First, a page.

Brazil appeals court judge overrules order to free Lula

Lula is serving 12-year prison sentence for taking bribes from a Brazilian construction company.

    The leftist politician was president from 2003 to 2011 [File: AFP]
    The leftist politician was president from 2003 to 2011 [File: AFP]

    A Brazilian appeals court judge has overruled an order to release imprisoned former President Luiz Inácio Lula da Silva.

    In a surprising ruling on Sunday, appelate Judge Rogerio Favreto ordered the popular leftist politician, who is serving a 12-year prison sentence for corruption, freed.

    But the order was blocked by Federal Judge Sergio Moro, who sent Lula to prison on the corruption conviction. 

    Moro declared the decision by Favreto, who served in the justice ministry under Lula, "monocratic".

    Another appeals court judge, Joao Pedro Gebran Neto, then intervened, ordering Lula to remain in jail and forbidding federal police from abiding by Favreto's earlier ruling. 

    Gebran Neto is the judge in charge of overseeing Lula's case at the Fourth Federal Regional Tribunal and a legal analyst said his decision supersedes the other judge's.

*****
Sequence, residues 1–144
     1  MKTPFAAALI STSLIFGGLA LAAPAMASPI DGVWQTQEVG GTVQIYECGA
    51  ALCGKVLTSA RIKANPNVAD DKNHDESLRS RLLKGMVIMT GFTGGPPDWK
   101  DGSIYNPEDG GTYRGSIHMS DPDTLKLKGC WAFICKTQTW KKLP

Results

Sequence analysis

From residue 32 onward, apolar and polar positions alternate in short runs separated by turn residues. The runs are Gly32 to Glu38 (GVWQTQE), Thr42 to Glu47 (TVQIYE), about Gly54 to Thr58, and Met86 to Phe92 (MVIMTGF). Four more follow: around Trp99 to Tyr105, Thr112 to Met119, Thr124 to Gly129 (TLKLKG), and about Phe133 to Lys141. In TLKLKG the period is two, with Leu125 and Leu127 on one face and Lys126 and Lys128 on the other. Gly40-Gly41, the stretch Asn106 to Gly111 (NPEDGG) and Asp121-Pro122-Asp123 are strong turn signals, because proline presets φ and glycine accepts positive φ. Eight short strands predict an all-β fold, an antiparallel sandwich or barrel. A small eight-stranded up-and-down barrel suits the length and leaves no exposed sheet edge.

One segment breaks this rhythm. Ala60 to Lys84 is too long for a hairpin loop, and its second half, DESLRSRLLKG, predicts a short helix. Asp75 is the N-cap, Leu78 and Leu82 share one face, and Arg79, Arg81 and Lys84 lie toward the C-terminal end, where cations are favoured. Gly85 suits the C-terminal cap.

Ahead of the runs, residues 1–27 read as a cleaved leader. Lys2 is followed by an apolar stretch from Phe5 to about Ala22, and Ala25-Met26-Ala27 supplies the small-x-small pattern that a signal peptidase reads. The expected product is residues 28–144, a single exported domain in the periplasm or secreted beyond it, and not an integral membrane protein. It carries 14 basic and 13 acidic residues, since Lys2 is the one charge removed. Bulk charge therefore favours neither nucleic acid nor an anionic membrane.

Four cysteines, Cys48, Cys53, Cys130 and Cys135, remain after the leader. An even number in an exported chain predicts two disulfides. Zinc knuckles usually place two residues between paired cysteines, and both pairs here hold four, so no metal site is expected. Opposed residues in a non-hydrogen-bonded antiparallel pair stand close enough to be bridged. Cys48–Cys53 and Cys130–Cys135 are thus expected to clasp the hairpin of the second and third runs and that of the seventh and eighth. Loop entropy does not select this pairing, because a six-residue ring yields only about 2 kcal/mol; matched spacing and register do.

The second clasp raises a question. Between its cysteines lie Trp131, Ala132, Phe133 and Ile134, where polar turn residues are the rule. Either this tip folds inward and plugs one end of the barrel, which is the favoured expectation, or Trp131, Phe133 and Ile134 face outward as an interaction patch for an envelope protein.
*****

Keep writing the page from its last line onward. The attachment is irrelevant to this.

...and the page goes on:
Lula, who was convicted of accepting a seaside apartment as a bribe from Brazilian construction company OAS, has been battling to overturn his 12-year sentence in the hopes of making another presidential bid in elections in October.

    Despite his jailing, Lula has consistently led presidential polls.

    Whether Lula can run in the October election has yet to be decided by Brazil's electoral court next month.

    Lula insists he is innocent and has branded the accusations of accepting the apartment as a conspiracy aimed at thwarting his electoral bid.

    His everyman style and unvarnished speeches electrified masses and eventually won him two terms as president, from 2003 to 2011, when he oversaw robust economic growth and falling inequality amid a commodities boom.

    He left office with a sky-high approval rate of 83 percent.

    SOURCE: Al Jazeera and news agencies


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